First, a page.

Authored by Marianne Strobel, AT&T Executive Director of Supplier Diversity
At AT&T, we are proud to have achieved some of the highest supplier diversity spending results in the country. In 2009 alone, we spent $6.9 billion dollars, or 14.2 percent of our total procurement, with diversity suppliers. This spending supported 37,722 external diverse small business jobs, and 14,271 external women-owned small business jobs in the economy.
That’s why we have partnered with leading business organizations and our large suppliers to launch a series of Business Matchmakers to bring opportunities to small, minority, women-owned and service-disabled veteran owned businesses. Earlier this month, in keeping with our long-standing commitment to supplier diversity, we held an event in Washington, D.C.to help connect local minority-owned businesses with purchasing representatives from AT&T and several of our company’s prime contractors.
Posted by: Joan Marsh on August 17, 2010 at 4:57 pm
I got a lot of reaction to my original blog entitled Wireless is Different. Some good, some critical, but all of it important to the debate. I welcomed it all, especially the responses from those that disagreed, because it creates an opportunity for a better explanation, a more detailed understanding of what’s actually happening out there on our wireless networks.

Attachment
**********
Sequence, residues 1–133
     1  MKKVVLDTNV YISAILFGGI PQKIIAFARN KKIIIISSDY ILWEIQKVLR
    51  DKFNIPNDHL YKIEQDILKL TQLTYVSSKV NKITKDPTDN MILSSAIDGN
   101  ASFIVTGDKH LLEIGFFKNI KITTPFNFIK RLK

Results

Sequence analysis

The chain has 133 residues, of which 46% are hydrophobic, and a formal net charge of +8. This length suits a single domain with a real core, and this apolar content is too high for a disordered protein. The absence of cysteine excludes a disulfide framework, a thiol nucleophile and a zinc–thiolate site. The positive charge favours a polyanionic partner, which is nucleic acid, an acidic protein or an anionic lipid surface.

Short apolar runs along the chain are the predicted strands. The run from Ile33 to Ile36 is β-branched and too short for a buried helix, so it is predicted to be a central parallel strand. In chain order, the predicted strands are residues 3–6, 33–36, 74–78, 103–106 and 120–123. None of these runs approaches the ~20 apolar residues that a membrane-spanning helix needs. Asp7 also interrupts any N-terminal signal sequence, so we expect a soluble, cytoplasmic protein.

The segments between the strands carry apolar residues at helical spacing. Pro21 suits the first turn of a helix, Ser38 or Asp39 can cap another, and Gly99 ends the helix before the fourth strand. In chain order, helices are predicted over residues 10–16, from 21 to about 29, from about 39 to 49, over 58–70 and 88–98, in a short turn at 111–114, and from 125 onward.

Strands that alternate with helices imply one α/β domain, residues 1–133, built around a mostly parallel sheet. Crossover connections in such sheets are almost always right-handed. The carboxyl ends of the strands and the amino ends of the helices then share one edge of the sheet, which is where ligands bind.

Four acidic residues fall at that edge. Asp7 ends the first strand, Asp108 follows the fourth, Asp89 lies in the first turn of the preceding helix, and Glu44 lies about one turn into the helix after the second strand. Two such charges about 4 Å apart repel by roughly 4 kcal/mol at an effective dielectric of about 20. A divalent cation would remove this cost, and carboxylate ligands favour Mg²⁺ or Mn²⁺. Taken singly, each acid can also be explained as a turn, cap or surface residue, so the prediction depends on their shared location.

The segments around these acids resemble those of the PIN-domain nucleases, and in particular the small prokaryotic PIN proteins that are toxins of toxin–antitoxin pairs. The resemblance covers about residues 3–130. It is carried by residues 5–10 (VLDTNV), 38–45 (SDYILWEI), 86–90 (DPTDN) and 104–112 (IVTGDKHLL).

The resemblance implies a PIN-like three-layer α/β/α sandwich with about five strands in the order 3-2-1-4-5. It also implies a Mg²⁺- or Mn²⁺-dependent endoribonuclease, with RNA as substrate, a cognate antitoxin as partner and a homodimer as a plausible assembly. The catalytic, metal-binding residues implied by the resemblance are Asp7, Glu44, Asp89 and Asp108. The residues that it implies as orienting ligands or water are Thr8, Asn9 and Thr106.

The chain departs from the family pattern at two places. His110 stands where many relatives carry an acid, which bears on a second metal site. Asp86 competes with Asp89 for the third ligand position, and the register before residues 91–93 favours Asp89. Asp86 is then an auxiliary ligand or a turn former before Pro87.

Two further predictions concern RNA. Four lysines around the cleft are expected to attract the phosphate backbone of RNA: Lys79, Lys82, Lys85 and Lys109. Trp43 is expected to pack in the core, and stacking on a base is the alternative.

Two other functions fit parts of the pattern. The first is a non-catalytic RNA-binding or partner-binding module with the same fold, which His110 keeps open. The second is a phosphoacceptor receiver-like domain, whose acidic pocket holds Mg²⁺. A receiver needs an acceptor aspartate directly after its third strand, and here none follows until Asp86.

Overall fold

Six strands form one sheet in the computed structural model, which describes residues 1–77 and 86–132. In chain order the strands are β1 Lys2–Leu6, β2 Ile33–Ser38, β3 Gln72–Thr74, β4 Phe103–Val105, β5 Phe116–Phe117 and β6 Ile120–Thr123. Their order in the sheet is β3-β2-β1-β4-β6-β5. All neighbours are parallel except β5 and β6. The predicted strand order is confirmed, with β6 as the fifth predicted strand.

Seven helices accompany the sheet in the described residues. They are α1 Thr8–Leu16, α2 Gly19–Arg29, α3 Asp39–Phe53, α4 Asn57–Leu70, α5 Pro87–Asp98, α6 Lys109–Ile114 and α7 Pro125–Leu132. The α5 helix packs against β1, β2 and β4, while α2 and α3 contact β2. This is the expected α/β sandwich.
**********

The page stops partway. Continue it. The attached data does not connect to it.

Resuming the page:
Some just are not convinced that wireless is in fact different in any way that matters to the net neutrality debate. While they didn’t rebut the fundamental points I made regarding the finite nature of wireless network capacity, they viewed the argument as a strawman for some underlying intent by wireless network providers to block apps and services at their whim. At its core, this opposition is rooted in a fundamental concern about who is going to control the apps and services that wireless network providers deliver over their finite and shared wireless infrastructure.
The answer to that is quite simply: the customer. User consumption is fueling the new mobile broadband revolution and there is not a wireless network provider out there doing anything but trying to keep up. Again, let’s turn to some facts.
Posted by: Joan Marsh on August 13, 2010 at 2:23 pm
It’s now day four of the aftermath of the Verizon-Google net neutrality announcement and the number of voices weighing in on the matter continues to grow. Monday’s news fanned what was already a passionate discussion. And it also brought into focus a critical aspect of the net neutrality debate – the treatment of wireless networks in any net neutrality regime.
There is much misinformation out there about this issue, as well as a genuine lack of understanding about the limits technology and physics impose on wireless networks. It was therefore a pleasant surprise to read Fortune’s take on the matter.
The article’s opening line sums it up: “Unrestricted access rules for wireless networks would hurt users more than help them. They just don’t realize it.” We’ve been making this point for several months now but we can’t emphasize it enough: wireless is simply different.
Wireless broadband is an extraordinary technology and has led to countless innovative (and really cool) mobile services. It has completely altered how we communicate, play, consume news and information and watch videos. It plays an enormous role in our daily lives, and it will continue to do so at an ever-increasing pace. But we have huge challenges ahead, defined by the ever-constant struggle between capacity and demand.